Petra | Jordan. A rose-red city half as old as time
San Vicente | Palawan. Counting solitary strides.
Taj Mahal | India. A teardrop on the cheek of time
Catanduanes Island. Postcard-pretty slideshow.
Keep Kalm (at Kalanggaman Island | Leyte).
Nikko | Japan. See no evil, hear no evil, speak no evil in this UNESCO heritage town.
Counting temples in Bagan | Myanmar.
Chasing UNESCO World Heritage Sites in Sri Lanka.
Where to Stay? | Luxury, Backpacking & Glamping
Inaul Festival | Maguindanao. In homage of a weaving tradition

Hong Kong: High Rise Act


High rise skyscrapers abound in this small territory that produces massive economic activity. Many of the world's largest corporation have set up their Asian operations in Hong Kong and the end result was an unending rows of towering buildings that covers the already cloudy skies and lights up the sky once the sun goes down towards the other part of the Earth.

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I wont miss it when in Hong Kong not to see up close the iconic buildings of the Hong Kong and Shanghai Bank Corporation (HSBC) and the Bank of China. I've seen it countless times from photographs and video clips of Hong Kong to the computer game "Sim City 3000" and was amazed at an architecture documentary that cites both buildings as a prime example in the use of natural light.

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Bank of China Tower
I got my appreciation of great architecture from my brother who is an architect and is currently teaching at the UST College of Architecture, like himself, I always try to check out the different architecture of places I visit and to each has its own style and influences depending on who colonized that country before - Hong Kong was a place that has amassed a number of varying influences in the past and has now morphed into having a design bridging the West and the East.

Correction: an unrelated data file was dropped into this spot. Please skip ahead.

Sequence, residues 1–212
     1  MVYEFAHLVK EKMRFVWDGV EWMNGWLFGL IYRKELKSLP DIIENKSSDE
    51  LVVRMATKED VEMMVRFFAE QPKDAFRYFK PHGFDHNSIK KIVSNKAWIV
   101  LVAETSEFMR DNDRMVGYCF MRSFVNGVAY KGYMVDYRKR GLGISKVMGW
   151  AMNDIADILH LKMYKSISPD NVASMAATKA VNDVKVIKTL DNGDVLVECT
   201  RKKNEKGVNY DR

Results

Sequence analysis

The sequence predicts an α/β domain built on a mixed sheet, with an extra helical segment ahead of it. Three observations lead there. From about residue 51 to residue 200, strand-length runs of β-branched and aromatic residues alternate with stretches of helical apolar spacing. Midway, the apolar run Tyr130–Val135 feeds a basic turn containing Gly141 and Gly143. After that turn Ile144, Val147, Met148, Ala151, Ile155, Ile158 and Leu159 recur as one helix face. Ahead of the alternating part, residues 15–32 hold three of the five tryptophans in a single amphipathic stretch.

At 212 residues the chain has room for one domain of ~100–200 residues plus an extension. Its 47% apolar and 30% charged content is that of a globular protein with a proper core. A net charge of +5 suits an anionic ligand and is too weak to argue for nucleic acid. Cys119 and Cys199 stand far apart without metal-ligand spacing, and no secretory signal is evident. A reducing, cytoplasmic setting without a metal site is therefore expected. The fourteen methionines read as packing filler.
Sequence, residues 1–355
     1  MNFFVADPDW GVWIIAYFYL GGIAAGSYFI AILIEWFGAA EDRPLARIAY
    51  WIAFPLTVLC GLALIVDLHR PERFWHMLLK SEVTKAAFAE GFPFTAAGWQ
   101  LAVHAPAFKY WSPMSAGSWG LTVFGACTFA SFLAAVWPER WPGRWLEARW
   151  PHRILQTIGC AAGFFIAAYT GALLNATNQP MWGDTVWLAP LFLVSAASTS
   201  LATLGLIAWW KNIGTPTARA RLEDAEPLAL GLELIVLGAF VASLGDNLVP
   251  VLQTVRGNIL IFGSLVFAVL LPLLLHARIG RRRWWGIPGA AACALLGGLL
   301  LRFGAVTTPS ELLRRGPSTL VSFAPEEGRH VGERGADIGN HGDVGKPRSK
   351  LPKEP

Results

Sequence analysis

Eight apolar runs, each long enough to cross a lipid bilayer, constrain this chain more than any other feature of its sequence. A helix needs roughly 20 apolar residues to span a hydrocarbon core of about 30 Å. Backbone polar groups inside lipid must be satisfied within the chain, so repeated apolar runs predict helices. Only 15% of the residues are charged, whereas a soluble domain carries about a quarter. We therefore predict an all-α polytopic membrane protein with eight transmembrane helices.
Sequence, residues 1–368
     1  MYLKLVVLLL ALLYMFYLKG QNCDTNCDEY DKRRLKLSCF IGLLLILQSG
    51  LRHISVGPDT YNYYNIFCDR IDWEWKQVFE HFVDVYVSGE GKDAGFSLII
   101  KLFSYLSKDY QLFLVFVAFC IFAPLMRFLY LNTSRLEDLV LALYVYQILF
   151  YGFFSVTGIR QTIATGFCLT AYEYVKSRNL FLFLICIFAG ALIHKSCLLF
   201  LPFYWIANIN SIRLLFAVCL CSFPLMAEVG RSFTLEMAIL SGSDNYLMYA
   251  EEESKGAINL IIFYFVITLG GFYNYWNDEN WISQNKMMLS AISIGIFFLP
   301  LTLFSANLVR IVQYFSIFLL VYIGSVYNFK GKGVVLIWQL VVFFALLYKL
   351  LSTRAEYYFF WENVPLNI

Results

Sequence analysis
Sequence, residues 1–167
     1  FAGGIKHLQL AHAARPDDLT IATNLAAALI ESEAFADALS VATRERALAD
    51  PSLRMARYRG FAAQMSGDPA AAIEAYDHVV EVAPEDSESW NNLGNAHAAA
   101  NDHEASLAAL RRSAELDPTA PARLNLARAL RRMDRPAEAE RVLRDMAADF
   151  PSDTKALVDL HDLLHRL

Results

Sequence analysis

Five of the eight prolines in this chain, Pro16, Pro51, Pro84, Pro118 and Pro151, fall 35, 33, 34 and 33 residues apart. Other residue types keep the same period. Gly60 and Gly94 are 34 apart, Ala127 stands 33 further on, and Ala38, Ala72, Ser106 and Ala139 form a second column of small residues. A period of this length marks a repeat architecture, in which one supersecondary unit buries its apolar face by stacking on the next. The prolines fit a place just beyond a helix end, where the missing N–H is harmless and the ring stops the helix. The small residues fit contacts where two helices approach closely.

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Inside the Bank of China
The tropical climate of Hong Kong has made it possible for buildings like both HSBC and the Bank of China to have open spaces on its walls and ceilings to attract natural sunlight to enter through the building thus lessening the dependence on electric powered lighting. I've also noticed this style in a number of shopping malls all around Hong Kong.

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HSBC Tower looks like a NASA launching pad in the outside
I first visited the Bank of China building, considered to be one of the worlds most recognizable structures. It is considered revolutionary as it swayed away from the conventional "feng shui" methods that has been a long standing tradition with the Chinese people. Feng Shui masters were not hired for advises, rather the design of this building was thoroughly dictated through matters of maximizing potential and representation of prosperity as visible through its bamboo inspired 'design expressionism'. The Bank of China Tower was completed in 1990 and stands 1,209 feet (including the antenna) with 72 storeys. I went inside the second floor which was the bank itself and asked if I could take some photographs. The guard told me "Yes but not the face" (pointing to the front view of the bank tellers). 

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Entering HSBC Main, you will need to take this escalator
It was my first time to step inside a bank that big, It's like the kind of banks you see on Hollywood heist movies and as I look around I saw a long stretch of counters fronted by bank tellers and on the other sides various tables occupied by individuals who looked like as "credit analysts" interviewing bank clients wanting to borrow a million HK dollars. I had the urge of yelling "This is a robbery" but good thing I quickly realized I am not Patrick Swayze in the movie "Point Break" neither am I Chris Tucker in the Hughes Brothers' classic heist movie "The Dead Presidents".

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HSBC interior WOW
After a few minutes I stepped out of the building still amazed at what I saw and hurriedly walked towards another iconic Hong Kong tower, the HSBC Main Building which was first rebuilt in 1935 to an Art Deco mixed with a stripped style. In 1978 when the size of the bank and its enormous paper documents could not co-exist anymore, it was again torn down to be rebuilt and in 1985 the construction for a new one concluded with at that time considered to be the world's most expensive building at more than 668 million US dollars.